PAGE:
It’s the biggest race in the Charlotte area, this year with about 7,000 participants in the marathon, half marathon, and 5k combined. I just started running about four months ago (Labor Day Weekend) and have run in a 5k race each week since then, so I was a little nervous about this race since I was running in a half marathon for the first time. I was kind of secretly hoping to finish in under 2 hours but I knew that would be a best case scenario since I had never even run 13.1 miles, even in training (my longest long run has been 12 miles about 3 weeks ago). Anyhoo, I finished in 2:01:05 (chip time), and that includes about a 2-minute bathroom stop at mile 8, so I’m pretty happy about that. Maybe next time I can drink less before the race or run a little faster; either way it gives me a number to shoot for.
It’s kind of like apples and oranges trying to compare a race with 7,000 runners with a race of maybe a couple hundred (and sometimes less than 100). It’s easy to get lost in the crowd if you like that sort of thing, and the thought crossed my mind that it wouldn’t be too difficult to get trampled if I happened to slip and fall. Luckily that didn’t happen.
I had been doing my long runs each week very slowly at an 11-minute pace, which is what I read I should do to avoid injury, and that seems to have worked fine. I was pretty sure I could run the half marathon at that pace but, as I told my wife Linda, I’d rather just crash and burn than to run at that pace the whole race so I figured I’d just run at a pace that seemed comfortable, and if I ran out of gas before the end I’d just walk… or crawl… or possibly be carried off. I’ve been doing the Jeff Galloway run-walk sometimes in the 5k races and considered adding some walking breaks when I was tired, but I felt good for the first 8 miles and didn’t do any walking at all until my bathroom break, then in the last 2 or 3 miles I walked a couple times for a minute or so.
Oh… I also forgot to turn off the Garmin at the finish line so that 14th lap is a little long, but 2:01:05 was my official chip time.
All in all, it was a fun experience but there were a couple of major issues we ran into that I wouldn’t expect in a race of this magnitude…
Issue #1: There was some possibly decent food after the race but it was all situated in the corral where all the runners finished. There were hundreds of people just trying to make their way out of this area where you couldn’t even walk, and I had just run 13.1 miles… give me a second to catch my breath before I start eating, okay? There were so many people in this area that it was all you could do to get out as dozens of runners were finishing every minute, but once you got out they wouldn’t let you back in to get to the food. They had a whole block between the finish line and the entrance to the Convention Center where the food could have been located. This area was completely empty. Not to mention the huge area inside the Convention Center where the race Expo was held, where people could have stayed warm and celebrated a little and gotten some food afterwards. So we ended up going to a restaurant instead of mingling with the post-race crowd, which is all you could do if you were hungry after running half the morning.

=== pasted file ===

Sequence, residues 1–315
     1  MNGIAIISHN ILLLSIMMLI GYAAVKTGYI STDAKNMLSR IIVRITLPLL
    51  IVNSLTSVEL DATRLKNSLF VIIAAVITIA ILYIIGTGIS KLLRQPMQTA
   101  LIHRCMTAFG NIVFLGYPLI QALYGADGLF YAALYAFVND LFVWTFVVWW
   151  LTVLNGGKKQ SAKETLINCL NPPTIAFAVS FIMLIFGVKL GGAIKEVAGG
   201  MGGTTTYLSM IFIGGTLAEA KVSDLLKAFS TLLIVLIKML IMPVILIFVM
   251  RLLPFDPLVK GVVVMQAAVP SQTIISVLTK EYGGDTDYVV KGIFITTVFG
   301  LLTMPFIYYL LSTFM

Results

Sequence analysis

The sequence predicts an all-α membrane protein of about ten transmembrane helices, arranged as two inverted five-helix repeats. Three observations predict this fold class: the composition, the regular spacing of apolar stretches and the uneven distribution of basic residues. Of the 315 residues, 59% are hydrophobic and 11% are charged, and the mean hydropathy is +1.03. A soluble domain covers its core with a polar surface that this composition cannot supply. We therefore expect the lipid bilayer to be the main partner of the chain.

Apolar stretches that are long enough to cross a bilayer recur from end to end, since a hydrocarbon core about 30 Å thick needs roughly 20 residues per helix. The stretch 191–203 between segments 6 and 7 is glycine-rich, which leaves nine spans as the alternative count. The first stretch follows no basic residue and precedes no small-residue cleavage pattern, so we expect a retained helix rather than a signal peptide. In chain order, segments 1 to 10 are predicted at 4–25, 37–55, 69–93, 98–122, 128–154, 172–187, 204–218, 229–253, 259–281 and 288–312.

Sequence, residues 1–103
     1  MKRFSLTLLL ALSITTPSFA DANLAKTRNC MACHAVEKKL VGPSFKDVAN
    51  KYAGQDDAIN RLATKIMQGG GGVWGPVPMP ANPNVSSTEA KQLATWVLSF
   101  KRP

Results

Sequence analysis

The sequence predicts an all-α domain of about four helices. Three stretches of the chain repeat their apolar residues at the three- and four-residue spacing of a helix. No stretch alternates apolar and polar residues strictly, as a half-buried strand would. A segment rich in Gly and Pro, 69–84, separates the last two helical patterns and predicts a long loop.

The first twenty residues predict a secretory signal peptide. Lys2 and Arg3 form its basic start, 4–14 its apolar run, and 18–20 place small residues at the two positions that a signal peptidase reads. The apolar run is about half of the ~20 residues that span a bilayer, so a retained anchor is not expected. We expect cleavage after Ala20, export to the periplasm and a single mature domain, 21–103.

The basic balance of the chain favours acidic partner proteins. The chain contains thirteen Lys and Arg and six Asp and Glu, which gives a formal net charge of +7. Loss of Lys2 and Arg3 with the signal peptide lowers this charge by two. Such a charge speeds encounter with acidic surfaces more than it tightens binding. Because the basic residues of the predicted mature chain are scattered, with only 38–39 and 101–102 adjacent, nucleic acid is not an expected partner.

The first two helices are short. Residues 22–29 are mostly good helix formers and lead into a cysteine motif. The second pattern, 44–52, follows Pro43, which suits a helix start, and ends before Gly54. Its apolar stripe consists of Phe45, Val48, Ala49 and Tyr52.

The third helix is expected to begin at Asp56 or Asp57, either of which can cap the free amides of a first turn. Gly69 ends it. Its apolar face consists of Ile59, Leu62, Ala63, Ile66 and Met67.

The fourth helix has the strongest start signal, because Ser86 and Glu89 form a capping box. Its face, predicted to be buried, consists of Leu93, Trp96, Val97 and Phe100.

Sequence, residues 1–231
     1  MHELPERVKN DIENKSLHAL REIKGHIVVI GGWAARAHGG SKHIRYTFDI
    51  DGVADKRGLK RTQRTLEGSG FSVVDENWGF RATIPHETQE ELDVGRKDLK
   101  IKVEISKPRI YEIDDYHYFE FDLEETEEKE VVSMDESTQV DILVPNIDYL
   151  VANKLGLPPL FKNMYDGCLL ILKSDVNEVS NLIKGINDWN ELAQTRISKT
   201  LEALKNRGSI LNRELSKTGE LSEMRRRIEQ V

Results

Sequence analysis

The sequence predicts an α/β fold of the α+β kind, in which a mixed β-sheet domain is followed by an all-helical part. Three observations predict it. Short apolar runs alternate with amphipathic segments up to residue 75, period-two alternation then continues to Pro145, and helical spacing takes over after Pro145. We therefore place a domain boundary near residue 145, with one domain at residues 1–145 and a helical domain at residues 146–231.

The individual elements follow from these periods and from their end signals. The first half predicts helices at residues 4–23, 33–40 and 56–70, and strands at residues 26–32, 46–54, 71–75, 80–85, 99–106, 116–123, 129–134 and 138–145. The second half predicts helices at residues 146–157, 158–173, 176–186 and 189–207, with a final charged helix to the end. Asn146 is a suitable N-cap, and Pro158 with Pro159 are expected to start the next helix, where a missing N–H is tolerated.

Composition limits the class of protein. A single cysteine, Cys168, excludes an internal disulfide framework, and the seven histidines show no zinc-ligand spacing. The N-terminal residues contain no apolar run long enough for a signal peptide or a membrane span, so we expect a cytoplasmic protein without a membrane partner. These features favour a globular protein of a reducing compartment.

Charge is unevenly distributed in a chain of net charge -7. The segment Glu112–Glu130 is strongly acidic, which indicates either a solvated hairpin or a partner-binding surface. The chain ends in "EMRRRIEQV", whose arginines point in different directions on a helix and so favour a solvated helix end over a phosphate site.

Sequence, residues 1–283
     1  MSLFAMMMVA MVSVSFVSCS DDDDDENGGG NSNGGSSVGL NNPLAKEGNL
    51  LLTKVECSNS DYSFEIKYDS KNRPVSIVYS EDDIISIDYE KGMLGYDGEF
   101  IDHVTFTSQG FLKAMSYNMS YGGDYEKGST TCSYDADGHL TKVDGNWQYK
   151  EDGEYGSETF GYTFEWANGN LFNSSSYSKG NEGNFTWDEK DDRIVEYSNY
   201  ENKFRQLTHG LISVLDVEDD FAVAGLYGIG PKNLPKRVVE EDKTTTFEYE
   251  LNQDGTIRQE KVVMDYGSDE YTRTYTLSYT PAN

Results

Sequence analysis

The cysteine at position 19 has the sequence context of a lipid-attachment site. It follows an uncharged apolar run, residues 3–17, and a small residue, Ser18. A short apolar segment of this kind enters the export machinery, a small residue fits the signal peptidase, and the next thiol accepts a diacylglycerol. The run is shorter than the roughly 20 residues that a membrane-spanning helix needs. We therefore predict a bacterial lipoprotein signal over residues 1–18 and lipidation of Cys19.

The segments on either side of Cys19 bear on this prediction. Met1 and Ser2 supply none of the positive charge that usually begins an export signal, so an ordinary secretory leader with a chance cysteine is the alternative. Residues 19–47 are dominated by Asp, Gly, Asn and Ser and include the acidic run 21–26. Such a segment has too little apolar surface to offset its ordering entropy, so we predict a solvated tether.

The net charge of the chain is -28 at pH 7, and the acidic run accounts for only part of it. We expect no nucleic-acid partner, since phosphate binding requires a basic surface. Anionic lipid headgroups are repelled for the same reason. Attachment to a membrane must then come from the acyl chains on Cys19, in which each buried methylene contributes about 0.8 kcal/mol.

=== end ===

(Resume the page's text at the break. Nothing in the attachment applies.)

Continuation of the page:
Issue #2: We registered at the Expo the evening before the race, and when my wife signed up for the 5k she was told that they were out of chips but that “it would be taken care of at the finish line.” Huh? I’m new at this but I’ve been around long enough to know that in a race this size nobody’s writing your name or number down at the finish line. So I went back with Linda to the registration booth to make sure that’s what they told her and they matter-of-factly informed me that it’s no problem and that they would handle it. Of course they didn’t, and when Linda crossed the finish line there was no record of it (how could there be?). Her time wasn’t in the top 3 in her age group, but if it had been it would have been a pretty big deal, at least to her. Her name didn’t show up among the finishers at all, and when she went to the people who were recording the times, of course they were busy with the 7,000 or so finishers who were wearing chips and didn’t have time for the people who weren’t wearing chips. That’s understandable, but dude, if you run out of chips stop taking people’s money. Just say you’ve got x number of chips and that’s how many people can be in the race. If you come after that you’re out of luck. That just happens to be my wife, but how many more dozens or maybe even hundreds of people signed up and didn’t get a chip and basically there was no record of them being in the race?
6 – 4/6 Number of Participants (4 for less than 100; 6 for 100 or more)
9 – 1-10 Awards (Quality of medals, trophies, etc.) (1 to 10)
7 – 1-10 Awards Presentation (PA system, stating winning times, etc.) (1 to 10)
1 – 1-10 Food for Race Participants (1 to 10)
6 – 1-10 T-Shirts (1 to 10 with 5 being average)
4 – 4/6 Part of Race Series (Grand Prix, etc.) (6=Yes and 4=No)
6 – 4/6 Online Registration (6=Yes and 4=No)
5 – 4/6 Chip Timing (6=Yes and 4=No) (uh… yes and no… see above)
7 – 3/7 Certified Course (by USA Track & Field) (7=Yes and 3=No)
7 – 1-10 Course (1 to 10 with 5 being average)
2 – 1-10 Parking (1 to 10 with 5 being average)
7 – 1-10 Entertainment (1 to 10 with 5 being average)
7 – 3/7 Age Groups (7 if 5-year groups; 3 if 10-year groups)
7 – 1-10 Bathroom Facilities
0 – 1-10 Other